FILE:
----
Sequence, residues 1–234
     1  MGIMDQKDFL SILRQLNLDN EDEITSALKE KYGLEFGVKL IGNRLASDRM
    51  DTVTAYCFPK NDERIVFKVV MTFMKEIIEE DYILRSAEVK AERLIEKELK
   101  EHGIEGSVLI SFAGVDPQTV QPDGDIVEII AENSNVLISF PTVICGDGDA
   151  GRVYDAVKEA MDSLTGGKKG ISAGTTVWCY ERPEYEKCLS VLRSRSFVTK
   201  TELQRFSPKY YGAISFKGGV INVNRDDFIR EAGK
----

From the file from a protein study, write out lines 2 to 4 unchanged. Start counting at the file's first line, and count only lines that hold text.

     1  MGIMDQKDFL SILRQLNLDN EDEITSALKE KYGLEFGVKL IGNRLASDRM
    51  DTVTAYCFPK NDERIVFKVV MTFMKEIIEE DYILRSAEVK AERLIEKELK
   101  EHGIEGSVLI SFAGVDPQTV QPDGDIVEII AENSNVLISF PTVICGDGDA